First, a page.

2. This is a post that Joel used to use quite often at the Freedom From Nicotine Message Board before they implemented their no relapse policy. While it's no longer used at Freedom, it's a very insightful and an excellent message for all of us, especially those who have relapsed and most importantly, mirrors our ideology concerning relapse. A special thanks to Joel for allowing us to use this. I tried freedom once, why bother trying again? Some past participants have shown a certain reluctance to return to Freedom after relapsing back to smoking. Many are embarrassed to come back admitting failure. Others feel they tried Freedom once, and, since they went back to smoking, its techniques must not have worked for them, so why bother trying the same approach again? Still others feel it is an inconvenience and an unnecessary commitment of time and effort considering they "heard it all before." The concept of returning after a relapse may seem embarrassing at first, but, the ex-smoker will probably see quickly he is not alone. Many people have had past quits prior to joining Freedom and understand the fragility of a quit. They will generally understand and accept the presence of repeaters enthusiastically. Relapsers offer a strong confirmation of the concept of addiction to our old members and to all new participants. They often openly share their past experience of how, after initially quitting, they came to a point of complacency which allowed the relapse to occur. They generally reflect back at their non-smoking period as a time where they felt emotionally and physically better, and then openly express the disgust and misery that the relapse brought on. Not only did it cause embarrassment, physical discomfort, and maybe even serious health complications, but also, it was putting them through quitting all over again. Their insights offer a valuable lesson to first time participants not to make the one tragic mistake that could lead them back to smoking and the need for quitting over again--taking a puff on a cigarette. As far as it being an inconvenience, while reading and posting may take a chunk of time out of a smokers life the first few days, in all probability, there is nothing a smoker has to do the week that he or she is stopping that is as important as quitting smoking. Failure to touch base daily with us because of conflicts of time with social or even professional commitments makes about as much sense as a cancer patient skipping life saving chemotherapy treatments for the same events. Missing an entire day because of prior time commitments may jeopardize the quitting process or the long-term maintenance of smoking cessation. This may cost the person his or her life. In the long run, it will probably be viewed as an error in judgment by the patient as well as any significant others who recognize what was put at risk and what was lost in the process. For those who feel that Freedom didn't work, the fact is that the techniques taught here didn't fail, the smoker's implementation did. Only one recurrent theme runs through Freedom: if you don't wish to go back to smoking--NEVER TAKE ANOTHER PUFF! No one ever went back to smoking without disregarding that rule. Relapsing is an automatic admission that the smoker disregarded the basic principal taught at Freedom. As far as feeling that "I've heard it all before," being a relapser is evidence enough that the smoker did not hear it or comprehend it all before, or is the type of person who needs to hear it over and over again in order to keep believing it. Repeaters are people who have trouble initially accepting or keeping the concept of addiction alive. This trait is in all probability the reason why the ex-smoker originally relapsed, or maybe didn't stop at all the first time. He or she reached a point of complacency where it was believed that smoking could be controlled at an acceptable level. Smoking is an all or nothing proposition. The repeater must recognize the reason for the past failure and learn from the experience. Otherwise, he or she will be doomed to repeat it over and over again. If you have gone back to smoking, come in and try again. Once you quit smoking, do everything in your power to stay off. Come in for continued reinforcement and witness the mistakes of other past participants who got complacent. As far as addiction goes, it is much better to learn from others' mistakes than having to attend later due to your own. You just don't know whether you will ever have the strength, desire, or opportunity to quit the next time. In today's society, failing to stay off smoking carries long-term risks which include loss of social status, and respect of others; financial implications which range from supporting an addiction costing hundreds to thousands of dollars per year as well as possibly costing your job and career; and, most significantly, eventual loss of health, and possibly loss of life. Considering all of this, the choice to quit smoking and to stay off is an important one. To keep the ability to stay off smoking you need to always remember to NEVER TAKE ANOTHER PUFF! © Joel Spitzer, 2000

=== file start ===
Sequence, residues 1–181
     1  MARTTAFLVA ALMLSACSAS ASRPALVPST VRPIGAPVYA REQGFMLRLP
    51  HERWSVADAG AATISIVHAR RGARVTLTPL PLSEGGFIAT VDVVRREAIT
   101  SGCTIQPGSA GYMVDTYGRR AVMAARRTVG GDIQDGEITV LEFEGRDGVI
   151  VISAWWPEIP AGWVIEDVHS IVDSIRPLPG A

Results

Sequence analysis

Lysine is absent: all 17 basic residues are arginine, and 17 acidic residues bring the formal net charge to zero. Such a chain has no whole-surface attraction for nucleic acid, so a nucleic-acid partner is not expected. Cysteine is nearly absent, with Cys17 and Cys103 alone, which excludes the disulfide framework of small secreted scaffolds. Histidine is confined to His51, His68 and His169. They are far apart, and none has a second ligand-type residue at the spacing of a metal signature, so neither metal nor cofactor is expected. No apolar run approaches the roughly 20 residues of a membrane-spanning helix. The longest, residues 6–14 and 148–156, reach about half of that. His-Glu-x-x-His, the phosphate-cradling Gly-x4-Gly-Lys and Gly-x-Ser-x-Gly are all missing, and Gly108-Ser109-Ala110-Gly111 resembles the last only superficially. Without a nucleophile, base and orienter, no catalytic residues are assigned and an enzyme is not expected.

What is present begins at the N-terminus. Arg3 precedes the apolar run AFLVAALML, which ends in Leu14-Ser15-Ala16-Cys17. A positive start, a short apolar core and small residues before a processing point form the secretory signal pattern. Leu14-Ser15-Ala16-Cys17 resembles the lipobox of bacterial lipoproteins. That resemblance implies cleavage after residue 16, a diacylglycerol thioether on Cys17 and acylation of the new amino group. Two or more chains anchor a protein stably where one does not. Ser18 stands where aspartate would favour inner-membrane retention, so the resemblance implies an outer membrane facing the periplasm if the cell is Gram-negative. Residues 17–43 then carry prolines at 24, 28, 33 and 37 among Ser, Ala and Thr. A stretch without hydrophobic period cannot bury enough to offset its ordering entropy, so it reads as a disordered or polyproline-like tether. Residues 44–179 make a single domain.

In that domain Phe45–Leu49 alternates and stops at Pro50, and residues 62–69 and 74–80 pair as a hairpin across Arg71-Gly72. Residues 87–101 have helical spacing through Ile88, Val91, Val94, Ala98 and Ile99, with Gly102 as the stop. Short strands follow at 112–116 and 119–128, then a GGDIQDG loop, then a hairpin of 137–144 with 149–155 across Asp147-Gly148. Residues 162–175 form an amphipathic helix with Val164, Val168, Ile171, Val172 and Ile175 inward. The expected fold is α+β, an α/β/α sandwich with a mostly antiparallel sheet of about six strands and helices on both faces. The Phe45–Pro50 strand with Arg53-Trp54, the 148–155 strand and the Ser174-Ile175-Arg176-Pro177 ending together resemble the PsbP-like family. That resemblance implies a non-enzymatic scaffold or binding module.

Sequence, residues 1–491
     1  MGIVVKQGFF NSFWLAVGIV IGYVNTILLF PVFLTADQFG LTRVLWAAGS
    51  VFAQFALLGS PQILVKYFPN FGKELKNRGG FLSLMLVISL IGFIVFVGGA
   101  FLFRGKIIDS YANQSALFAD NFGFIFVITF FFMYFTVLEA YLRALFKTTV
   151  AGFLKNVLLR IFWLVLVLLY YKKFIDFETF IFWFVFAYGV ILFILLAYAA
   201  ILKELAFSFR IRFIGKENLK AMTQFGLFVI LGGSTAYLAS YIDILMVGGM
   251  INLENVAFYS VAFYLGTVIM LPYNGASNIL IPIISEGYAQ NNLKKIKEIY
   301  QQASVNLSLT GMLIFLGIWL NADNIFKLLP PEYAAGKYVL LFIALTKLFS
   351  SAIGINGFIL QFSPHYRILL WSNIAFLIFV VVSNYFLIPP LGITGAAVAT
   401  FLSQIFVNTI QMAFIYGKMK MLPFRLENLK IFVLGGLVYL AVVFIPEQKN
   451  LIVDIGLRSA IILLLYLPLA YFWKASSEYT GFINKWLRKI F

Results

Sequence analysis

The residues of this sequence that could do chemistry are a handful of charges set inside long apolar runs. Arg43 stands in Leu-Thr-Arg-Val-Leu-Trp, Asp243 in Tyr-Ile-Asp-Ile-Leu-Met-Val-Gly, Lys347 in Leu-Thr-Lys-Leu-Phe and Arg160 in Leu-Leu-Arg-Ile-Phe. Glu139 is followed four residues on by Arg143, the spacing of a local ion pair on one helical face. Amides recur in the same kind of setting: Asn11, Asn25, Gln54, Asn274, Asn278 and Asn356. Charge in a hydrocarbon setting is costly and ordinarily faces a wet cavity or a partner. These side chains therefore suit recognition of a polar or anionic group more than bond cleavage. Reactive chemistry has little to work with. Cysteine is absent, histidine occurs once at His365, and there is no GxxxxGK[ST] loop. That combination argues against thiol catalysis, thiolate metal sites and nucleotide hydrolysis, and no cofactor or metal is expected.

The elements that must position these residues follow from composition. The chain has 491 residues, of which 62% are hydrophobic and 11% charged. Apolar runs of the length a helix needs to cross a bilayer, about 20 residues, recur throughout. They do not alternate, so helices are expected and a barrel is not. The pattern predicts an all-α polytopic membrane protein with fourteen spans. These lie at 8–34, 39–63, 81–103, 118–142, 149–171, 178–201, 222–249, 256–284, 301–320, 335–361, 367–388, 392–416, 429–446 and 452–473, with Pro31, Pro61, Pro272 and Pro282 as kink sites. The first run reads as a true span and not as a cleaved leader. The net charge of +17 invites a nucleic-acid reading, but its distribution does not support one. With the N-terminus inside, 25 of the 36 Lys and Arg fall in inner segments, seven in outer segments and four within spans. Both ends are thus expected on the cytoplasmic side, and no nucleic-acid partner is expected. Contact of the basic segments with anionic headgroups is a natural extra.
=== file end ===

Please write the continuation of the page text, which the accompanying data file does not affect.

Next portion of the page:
3. Please, Take Your LIVES Seriously ~~~~~~~~~~~~~~~~~~~~~~~~~~~ In 'real' life and here on the QTrain, I see people being careless about their lives and their quit, like they have all the time in the world ! 'I'll quit next week, maybe tomorrow, I'll quit again sometime'. Are they not understanding how dangerous smoking is ? It's a friggin' Slow Suicide ! The ramifications are Horrible. This is no joke. Ask our beautiful friend, Doreen ! I, too, used to be casual about quitting, casual about smoking. so, it is no surprise to see others in Denial. I wasn't listening to any kind of Sense, or Logic, or TRUTH, either. Then, suddenly, I 'got it' and thanks to the information here, I educated myself about Nicotine Addiction. After that, there was simply no other choice except to Quit and be Quick about it ! I would no longer live as a Slave, or die as one either ! I wish I could give that Eureka moment to everybody struggling with addiction but, I don't know what happened or why. At a certain point, I listened and Understood and I give this to you, Understand your addiction, and Be Free of it. Your Lives are Precious.